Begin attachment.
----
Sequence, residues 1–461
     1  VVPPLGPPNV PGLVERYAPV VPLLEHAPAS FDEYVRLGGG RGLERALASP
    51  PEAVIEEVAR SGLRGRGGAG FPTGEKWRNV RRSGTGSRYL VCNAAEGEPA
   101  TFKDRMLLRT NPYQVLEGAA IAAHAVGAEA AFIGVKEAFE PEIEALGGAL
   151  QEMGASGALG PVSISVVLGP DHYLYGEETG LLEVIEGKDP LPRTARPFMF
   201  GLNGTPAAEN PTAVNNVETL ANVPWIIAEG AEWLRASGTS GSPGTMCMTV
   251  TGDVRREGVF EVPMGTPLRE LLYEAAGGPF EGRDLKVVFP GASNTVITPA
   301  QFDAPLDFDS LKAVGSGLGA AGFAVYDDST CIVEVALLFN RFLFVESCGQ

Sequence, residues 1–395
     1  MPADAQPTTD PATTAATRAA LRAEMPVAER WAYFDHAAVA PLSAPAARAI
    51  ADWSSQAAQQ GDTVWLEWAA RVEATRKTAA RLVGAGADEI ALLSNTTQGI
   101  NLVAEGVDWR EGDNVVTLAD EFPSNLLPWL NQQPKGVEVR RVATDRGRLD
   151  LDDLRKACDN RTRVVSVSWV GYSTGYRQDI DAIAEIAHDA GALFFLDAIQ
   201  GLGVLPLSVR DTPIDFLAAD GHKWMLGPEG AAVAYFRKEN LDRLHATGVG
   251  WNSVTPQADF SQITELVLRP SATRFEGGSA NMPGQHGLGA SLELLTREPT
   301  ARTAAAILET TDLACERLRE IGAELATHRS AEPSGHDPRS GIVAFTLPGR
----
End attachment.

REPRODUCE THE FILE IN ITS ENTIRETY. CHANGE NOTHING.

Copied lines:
Sequence, residues 1–461
     1  VVPPLGPPNV PGLVERYAPV VPLLEHAPAS FDEYVRLGGG RGLERALASP
    51  PEAVIEEVAR SGLRGRGGAG FPTGEKWRNV RRSGTGSRYL VCNAAEGEPA
   101  TFKDRMLLRT NPYQVLEGAA IAAHAVGAEA AFIGVKEAFE PEIEALGGAL
   151  QEMGASGALG PVSISVVLGP DHYLYGEETG LLEVIEGKDP LPRTARPFMF
   201  GLNGTPAAEN PTAVNNVETL ANVPWIIAEG AEWLRASGTS GSPGTMCMTV
   251  TGDVRREGVF EVPMGTPLRE LLYEAAGGPF EGRDLKVVFP GASNTVITPA
   301  QFDAPLDFDS LKAVGSGLGA AGFAVYDDST CIVEVALLFN RFLFVESCGQ

Sequence, residues 1–395
     1  MPADAQPTTD PATTAATRAA LRAEMPVAER WAYFDHAAVA PLSAPAARAI
    51  ADWSSQAAQQ GDTVWLEWAA RVEATRKTAA RLVGAGADEI ALLSNTTQGI
   101  NLVAEGVDWR EGDNVVTLAD EFPSNLLPWL NQQPKGVEVR RVATDRGRLD
   151  LDDLRKACDN RTRVVSVSWV GYSTGYRQDI DAIAEIAHDA GALFFLDAIQ
   201  GLGVLPLSVR DTPIDFLAAD GHKWMLGPEG AAVAYFRKEN LDRLHATGVG
   251  WNSVTPQADF SQITELVLRP SATRFEGGSA NMPGQHGLGA SLELLTREPT
   301  ARTAAAILET TDLACERLRE IGAELATHRS AEPSGHDPRS GIVAFTLPGR